Darker and more visceral than those new to the novels might imagine, Casino Royale plunges Bond into a battle of luck, wits and physical endurance against Le Chiffre, a corrupt agent of the feared Soviet organisation, SMERSH. Le Chiffre’s unsavoury predilections have left him bankrupt and desperate for money, and his defeat lies in the hands of ‘the finest gambler available to the Service’. Bond becomes his opponent in a game of baccarat – a game set on a ‘luminous and sparkling stage’, with violence lurking in the wings. The beautiful and inscrutable Vesper Lynd has been sent to assist him, but their love affair will imperil them both.
As Banville writes in his excellent introduction on the genesis of the novels, Fleming based his hero on a number of people he had known during the war. Bond is absorbing and elusive; at once charming and, at times, shockingly ruthless. He is often cold, but ‘easily tipped over into sentiment’; a subtly-evoked vulnerability and capacity for self-doubt temper the impression of a man who is unshakeable and undefeatable. For all his extraordinary, single-minded precision when dealing with his enemies, his attitude is more equivocal than one might expect. Sometimes, he observes, ‘the villains and heroes get all mixed up’.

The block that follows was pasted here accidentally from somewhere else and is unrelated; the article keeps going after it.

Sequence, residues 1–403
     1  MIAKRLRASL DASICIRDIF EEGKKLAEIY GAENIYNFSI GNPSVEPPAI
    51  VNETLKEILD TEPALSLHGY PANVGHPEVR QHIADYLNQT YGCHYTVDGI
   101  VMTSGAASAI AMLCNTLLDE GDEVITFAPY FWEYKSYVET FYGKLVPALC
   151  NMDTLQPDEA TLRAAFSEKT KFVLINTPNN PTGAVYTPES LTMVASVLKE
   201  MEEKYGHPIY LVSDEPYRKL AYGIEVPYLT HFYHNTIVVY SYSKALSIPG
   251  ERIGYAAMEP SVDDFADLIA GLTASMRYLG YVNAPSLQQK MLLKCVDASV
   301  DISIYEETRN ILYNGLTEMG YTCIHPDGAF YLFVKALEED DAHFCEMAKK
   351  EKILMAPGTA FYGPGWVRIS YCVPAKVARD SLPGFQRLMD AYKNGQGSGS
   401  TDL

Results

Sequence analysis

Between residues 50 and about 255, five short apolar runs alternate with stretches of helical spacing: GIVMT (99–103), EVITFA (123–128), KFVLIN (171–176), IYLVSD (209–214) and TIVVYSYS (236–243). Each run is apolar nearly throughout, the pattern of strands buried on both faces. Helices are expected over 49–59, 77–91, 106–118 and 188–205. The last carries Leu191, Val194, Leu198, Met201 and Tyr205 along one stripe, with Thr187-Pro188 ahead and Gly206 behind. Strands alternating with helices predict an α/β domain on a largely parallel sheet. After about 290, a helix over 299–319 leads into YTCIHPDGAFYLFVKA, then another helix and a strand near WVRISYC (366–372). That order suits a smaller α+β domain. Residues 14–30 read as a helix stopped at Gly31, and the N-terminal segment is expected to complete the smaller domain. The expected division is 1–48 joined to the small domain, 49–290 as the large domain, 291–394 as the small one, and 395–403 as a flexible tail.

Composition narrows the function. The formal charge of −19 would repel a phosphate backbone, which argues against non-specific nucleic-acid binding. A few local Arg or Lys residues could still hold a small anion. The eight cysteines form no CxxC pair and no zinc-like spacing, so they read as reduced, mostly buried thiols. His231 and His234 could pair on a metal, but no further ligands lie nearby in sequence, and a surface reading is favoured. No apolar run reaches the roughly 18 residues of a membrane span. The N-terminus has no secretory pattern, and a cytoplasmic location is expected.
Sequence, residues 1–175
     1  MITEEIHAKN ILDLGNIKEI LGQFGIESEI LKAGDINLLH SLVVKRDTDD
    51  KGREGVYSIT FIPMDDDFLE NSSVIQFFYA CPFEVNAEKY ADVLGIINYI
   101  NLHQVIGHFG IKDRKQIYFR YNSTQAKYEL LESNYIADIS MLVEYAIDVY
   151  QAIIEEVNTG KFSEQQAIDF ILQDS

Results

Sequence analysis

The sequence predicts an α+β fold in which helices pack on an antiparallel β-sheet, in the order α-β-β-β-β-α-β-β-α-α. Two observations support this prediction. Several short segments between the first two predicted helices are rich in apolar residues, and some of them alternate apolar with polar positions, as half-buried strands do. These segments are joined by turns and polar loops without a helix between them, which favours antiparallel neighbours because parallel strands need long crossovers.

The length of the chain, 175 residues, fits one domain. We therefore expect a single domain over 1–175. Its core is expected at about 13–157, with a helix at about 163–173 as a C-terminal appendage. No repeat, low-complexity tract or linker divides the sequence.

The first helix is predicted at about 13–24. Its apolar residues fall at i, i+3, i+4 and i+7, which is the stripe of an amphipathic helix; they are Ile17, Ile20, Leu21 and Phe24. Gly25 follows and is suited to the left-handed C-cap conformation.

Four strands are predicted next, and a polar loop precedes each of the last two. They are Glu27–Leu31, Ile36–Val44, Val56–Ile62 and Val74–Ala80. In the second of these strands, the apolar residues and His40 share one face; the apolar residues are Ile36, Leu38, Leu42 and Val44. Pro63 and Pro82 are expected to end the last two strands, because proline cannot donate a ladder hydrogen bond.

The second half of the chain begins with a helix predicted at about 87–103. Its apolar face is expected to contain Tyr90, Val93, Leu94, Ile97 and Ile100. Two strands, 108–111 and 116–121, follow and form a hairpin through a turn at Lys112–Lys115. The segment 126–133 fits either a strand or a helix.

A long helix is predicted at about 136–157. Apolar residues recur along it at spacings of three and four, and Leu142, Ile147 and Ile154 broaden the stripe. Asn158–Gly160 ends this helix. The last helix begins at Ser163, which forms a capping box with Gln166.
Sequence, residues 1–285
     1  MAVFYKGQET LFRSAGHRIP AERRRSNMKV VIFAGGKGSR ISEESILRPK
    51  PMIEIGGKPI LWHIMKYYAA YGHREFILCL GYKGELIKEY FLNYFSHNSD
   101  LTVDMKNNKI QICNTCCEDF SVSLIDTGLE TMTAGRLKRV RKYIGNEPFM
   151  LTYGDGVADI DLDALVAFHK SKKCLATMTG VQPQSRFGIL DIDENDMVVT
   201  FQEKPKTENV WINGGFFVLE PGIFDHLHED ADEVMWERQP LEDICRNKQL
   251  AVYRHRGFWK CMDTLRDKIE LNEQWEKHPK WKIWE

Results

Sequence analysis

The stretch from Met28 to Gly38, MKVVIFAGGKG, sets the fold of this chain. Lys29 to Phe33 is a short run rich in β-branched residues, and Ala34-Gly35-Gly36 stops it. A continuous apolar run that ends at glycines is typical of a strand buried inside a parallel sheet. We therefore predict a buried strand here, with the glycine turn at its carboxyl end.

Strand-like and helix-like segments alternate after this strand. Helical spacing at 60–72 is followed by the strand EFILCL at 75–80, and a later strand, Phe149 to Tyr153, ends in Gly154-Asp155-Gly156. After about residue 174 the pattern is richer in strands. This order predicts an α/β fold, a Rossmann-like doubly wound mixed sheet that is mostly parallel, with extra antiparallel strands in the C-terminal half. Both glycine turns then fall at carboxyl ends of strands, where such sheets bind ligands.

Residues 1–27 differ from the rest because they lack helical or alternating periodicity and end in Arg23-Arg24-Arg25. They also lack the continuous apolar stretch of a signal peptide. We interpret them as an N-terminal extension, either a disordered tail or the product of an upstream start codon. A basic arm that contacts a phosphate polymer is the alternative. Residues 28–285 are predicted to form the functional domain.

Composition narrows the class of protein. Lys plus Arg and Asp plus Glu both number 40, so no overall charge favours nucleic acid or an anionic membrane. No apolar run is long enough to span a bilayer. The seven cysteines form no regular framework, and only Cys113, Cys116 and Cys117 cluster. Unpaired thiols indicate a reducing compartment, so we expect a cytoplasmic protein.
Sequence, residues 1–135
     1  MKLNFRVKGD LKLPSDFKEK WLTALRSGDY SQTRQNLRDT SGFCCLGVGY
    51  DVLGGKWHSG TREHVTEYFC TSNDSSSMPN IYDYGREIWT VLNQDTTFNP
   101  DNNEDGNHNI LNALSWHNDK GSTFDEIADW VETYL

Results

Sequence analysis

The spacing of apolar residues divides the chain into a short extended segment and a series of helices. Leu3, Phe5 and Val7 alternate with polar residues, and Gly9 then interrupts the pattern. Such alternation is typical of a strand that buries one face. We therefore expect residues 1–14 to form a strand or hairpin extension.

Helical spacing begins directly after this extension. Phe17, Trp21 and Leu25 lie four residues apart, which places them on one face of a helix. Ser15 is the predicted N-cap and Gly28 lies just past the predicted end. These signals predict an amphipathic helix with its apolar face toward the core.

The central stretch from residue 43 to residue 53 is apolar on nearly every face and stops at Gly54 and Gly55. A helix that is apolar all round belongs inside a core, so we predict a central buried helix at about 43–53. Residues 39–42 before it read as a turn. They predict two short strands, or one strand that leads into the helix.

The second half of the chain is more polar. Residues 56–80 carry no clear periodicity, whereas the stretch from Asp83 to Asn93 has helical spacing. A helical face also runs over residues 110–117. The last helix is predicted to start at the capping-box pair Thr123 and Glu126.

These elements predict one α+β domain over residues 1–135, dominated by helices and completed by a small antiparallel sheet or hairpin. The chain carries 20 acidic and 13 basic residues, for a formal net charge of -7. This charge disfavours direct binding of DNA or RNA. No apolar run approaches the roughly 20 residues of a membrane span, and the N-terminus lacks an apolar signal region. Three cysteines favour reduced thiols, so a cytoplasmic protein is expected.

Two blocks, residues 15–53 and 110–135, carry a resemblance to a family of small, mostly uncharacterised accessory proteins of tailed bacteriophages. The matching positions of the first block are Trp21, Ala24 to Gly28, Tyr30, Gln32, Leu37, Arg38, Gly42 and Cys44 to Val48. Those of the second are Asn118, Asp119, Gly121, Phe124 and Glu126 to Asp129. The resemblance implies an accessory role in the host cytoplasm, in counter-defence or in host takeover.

Fay Dalton is a London-based illustrator. She has a first class degree in Illustration and was the winner of the 2010 Pickled Ink Award for illustration. Fay combines traditional drawing and painting methods with digital painting.
The introducer, John Banville, was born in Wexford, Ireland, in 1945. He joined The Irish Press as a sub-editor in 1969 and continued to work in journalism for over 30 years. Among many awards, he won the Man Booker Prize for The Sea in 2005.
Illustrations by Fay Dalton from The Folio Society edition of Casino Royale © Fay Dalton 2015. Used with the permission of Fay Dalton and The Folio Society.
‘I can’t drink the health of your new frock without knowing your Christian name.’
‘Vesper,’ she said. ‘Vesper Lynd.’